All in all, Van Mazijk provides a detailed and supremely readable introduction into phenomenology, which will undoubtedly be of great value to those interested in learning about the tradition and its main figures, or students looking for a good overview. De Wereld als Verschijning is the first book of its kind published in Dutch by a Dutch author in several decades, and it is a testament of the knowledge, passion and dedication the author has for his field of expertise.
 van Mazijk, C. 2020. Perception and Reality in Kant, Husserl, and McDowell. New York, NY: Routledge. For a review of this book in this journal: http://reviews.ophen.org/2020/08/23/perception-and-reality-in-kant-husserl-and-mcdowell/.
Dorothea Olkowski’s latest book, entitled Deleuze, Bergson, Merleau-Ponty, is at once an invitation and a challenge. It invites us to think of ideas as „chaotic attractors.” (2) As a mathematical concept, we can call any strange attractor chaotic if iterations commencing from any two arbitrarily close alternative initial points lead to points which are arbitrarily far apart and, after various iterations, then lead to points that are arbitrarily close together, leading to a structure that is locally unstable yet globally stable. And herein lies the interesting methodological challenge of Olkowski’s project: wherein does the border lie between pure arbitrariness and stability? Indeed, is there a clear-cut difference between wholly arbitrary association and locally unstable holistic stability? Is it even the job of philosophy to produce something akin to stability? These are just a few of the questions that arise in the reader from the outset. Olkowski’s goal is not the penning of yet another introduction to the separate and, for that matter, wholly distinct philosophies of Gilles Deleuze/Félix Guattari, Henri Bergson and Maurice Merleau-Ponty. Rather, these three serve as the ingredients of a new theoretical hybrid, a pragmatically and phenomenologically-involved affective continuum that goes beyond such tired dualisms as mind vs. world and matter vs. idea. The judgement we must pass in the context of this review is not whether the work lives up to its own promises and goals – although that too shall be addressed. Rather, what interests us is how the author comes to terms with the fundamental issue of whether instability can be integrated into thought in a philosophically consistent manner and whether the work achieves this.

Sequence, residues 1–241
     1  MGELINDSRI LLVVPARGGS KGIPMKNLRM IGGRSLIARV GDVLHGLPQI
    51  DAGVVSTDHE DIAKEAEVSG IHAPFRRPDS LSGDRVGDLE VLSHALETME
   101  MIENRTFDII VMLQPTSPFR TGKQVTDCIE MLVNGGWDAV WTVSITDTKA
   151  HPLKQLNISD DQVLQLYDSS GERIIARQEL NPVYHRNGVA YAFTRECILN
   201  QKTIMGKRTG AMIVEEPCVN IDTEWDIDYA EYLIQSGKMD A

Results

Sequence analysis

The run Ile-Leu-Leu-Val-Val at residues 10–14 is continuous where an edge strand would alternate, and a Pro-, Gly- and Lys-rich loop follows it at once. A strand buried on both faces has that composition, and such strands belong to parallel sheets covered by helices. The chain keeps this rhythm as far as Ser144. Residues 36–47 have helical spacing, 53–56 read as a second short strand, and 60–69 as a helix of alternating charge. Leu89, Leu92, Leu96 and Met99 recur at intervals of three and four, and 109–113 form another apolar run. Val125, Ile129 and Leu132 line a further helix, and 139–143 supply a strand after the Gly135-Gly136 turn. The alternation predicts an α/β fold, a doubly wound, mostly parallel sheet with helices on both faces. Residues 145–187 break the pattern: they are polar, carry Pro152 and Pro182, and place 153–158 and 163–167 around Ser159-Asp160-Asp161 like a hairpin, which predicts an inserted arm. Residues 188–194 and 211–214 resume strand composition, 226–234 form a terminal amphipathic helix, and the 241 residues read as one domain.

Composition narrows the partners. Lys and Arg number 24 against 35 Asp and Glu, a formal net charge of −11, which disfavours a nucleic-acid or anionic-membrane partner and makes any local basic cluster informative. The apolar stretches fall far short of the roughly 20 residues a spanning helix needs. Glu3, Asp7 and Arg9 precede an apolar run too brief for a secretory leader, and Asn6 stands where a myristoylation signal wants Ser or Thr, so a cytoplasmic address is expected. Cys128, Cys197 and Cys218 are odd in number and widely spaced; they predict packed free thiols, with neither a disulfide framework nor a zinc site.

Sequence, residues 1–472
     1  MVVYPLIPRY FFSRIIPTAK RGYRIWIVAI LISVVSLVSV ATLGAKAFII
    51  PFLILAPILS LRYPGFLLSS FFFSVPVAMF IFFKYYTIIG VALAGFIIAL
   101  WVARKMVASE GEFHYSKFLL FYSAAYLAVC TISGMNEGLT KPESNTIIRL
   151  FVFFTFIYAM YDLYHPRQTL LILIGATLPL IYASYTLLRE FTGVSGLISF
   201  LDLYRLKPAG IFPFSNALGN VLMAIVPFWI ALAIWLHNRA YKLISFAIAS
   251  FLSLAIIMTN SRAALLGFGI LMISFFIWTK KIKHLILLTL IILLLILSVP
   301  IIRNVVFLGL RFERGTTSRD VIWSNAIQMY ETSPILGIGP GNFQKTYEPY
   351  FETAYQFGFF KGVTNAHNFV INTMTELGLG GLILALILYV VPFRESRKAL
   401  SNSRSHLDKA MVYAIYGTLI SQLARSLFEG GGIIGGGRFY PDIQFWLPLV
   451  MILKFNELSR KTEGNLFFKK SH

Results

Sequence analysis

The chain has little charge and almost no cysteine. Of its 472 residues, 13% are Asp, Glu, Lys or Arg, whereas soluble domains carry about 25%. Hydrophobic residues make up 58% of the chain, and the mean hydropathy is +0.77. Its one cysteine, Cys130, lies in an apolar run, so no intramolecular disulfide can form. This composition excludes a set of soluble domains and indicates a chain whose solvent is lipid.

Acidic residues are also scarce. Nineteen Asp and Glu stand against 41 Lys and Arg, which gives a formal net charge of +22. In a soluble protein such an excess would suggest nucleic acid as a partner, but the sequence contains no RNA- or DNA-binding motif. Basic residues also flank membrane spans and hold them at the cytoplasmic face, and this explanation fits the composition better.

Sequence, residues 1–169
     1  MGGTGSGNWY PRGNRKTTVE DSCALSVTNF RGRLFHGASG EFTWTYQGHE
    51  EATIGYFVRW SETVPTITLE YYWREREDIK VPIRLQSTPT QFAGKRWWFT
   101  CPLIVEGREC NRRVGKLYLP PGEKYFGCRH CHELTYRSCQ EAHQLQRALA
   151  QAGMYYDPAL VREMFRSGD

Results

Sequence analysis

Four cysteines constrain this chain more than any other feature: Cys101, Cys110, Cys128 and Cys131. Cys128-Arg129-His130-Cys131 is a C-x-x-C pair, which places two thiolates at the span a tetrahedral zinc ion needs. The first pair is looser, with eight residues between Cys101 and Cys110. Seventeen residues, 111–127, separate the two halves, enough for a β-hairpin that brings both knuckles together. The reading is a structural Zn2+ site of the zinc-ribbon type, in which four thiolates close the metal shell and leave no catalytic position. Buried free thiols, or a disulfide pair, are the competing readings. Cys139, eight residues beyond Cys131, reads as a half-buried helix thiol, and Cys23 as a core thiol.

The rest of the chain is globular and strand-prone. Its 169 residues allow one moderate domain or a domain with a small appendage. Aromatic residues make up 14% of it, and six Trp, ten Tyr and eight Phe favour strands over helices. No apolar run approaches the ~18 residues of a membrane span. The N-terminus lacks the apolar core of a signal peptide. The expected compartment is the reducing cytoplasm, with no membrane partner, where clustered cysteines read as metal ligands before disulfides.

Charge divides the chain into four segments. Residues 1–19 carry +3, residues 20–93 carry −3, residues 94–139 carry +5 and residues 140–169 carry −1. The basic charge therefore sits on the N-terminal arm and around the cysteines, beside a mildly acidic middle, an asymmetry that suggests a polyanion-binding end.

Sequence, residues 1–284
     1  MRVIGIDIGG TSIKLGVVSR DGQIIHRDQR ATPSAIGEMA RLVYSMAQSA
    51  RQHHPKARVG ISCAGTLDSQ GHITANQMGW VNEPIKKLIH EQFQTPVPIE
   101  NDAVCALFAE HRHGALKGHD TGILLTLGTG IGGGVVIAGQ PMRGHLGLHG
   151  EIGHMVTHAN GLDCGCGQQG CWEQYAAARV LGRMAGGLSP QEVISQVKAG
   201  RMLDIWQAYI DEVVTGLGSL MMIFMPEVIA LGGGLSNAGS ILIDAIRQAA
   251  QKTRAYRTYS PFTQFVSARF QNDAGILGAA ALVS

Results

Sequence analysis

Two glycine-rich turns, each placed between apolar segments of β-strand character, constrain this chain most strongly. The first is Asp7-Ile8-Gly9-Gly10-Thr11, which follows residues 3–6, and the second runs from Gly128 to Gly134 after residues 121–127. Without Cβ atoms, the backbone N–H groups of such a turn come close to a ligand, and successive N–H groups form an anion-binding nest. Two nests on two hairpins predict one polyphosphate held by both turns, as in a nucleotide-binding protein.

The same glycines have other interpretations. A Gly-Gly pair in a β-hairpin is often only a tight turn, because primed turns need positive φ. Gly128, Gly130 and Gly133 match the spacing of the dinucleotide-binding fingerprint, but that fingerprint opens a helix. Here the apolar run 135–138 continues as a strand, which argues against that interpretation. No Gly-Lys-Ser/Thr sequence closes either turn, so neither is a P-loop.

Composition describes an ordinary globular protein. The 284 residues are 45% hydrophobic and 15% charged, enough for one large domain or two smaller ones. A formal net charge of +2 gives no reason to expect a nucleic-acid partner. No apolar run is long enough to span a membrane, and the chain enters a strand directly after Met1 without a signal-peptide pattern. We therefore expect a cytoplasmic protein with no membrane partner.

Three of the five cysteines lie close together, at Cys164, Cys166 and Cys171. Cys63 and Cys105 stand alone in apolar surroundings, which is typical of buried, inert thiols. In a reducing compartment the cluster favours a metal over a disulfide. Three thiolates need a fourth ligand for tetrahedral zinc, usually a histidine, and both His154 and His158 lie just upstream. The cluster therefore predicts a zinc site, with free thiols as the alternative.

In Chapter One, entitled „Naturalism, Formalism, Phenomenology, and Semiology in Postmodern Philosophy,” the problematic of our current epoch is introduced. Alan Kirby’s influential 2006 text, „The Death of Postmodernism and Beyond” serves as Olkowski’s point of departure. (Kirby 2006) In Kirby’s view, one shared wholeheartedly by Olkowski and ourselves also, the authentically postmodern position, characterizable as the radical questioning of reality, has become all but extinct in both philosophy and the broader social Zeitgeist. (13) Instead of an uncompromising postmodernism willing to question all dogmas, we have what Kirby and Olkowski call a „pseudopostmodernism,” a position that can best be described as a harmlessly apolitical play with words, without the corresponding subversion of broadly accepted intersubjective realities. In large part, the author believes that the opacity of postmodern discourse is itself to blame for its own eclipse. As Olkowski writes, the defenders of postmodernism „have not been able to understand it well enough to translate its canonical terms into informative definitions.” (14) The backdrop of both the postmodernist movement and its subsequent relegation to the fringes of both political debate and scientific practice is characterized under the heading of scientism. Already critiqued exhaustively by, among others, Edmund Husserl, the scientistic worldview posits the ability of science to redeem humanity and the world, heralding progress through increasing the well-being of homo sapiens. On the scientistic worldview, science, while not having the answers to all of the major existential questions, is nonetheless our best bet, and we ought to give the final say in most social matters to quantified modes of knowledge, because only the latter have privileged access to „reality.” Of course, the problem with such a worldview is that it reduces the complexity of the world to the issue of representation, while also failing to account for the way reality evades any description. The complexity of the world makes it impossible for us, as finite beings, to ever produce a representation of the latter that is adequate to its real condition. Science, for Georges Cavailles, is characterized by an ever more pervasive self-referentiality. It constitutes a self-enclosed system which demonstrates truths independently of human sensation. The paradox here, as Cavailles recognizes, is that even formal systems need a corresponding ontology. (16) Differently put, self-referentiality is impossible without what systems theory has called „hetero-referentiality.” Without a world, there is no self. Without an uncoded (and uncodable) complex „outside” reality, there is no such thing as scientific knowledge. We may even say that without non-knowledge, there is no knowledge.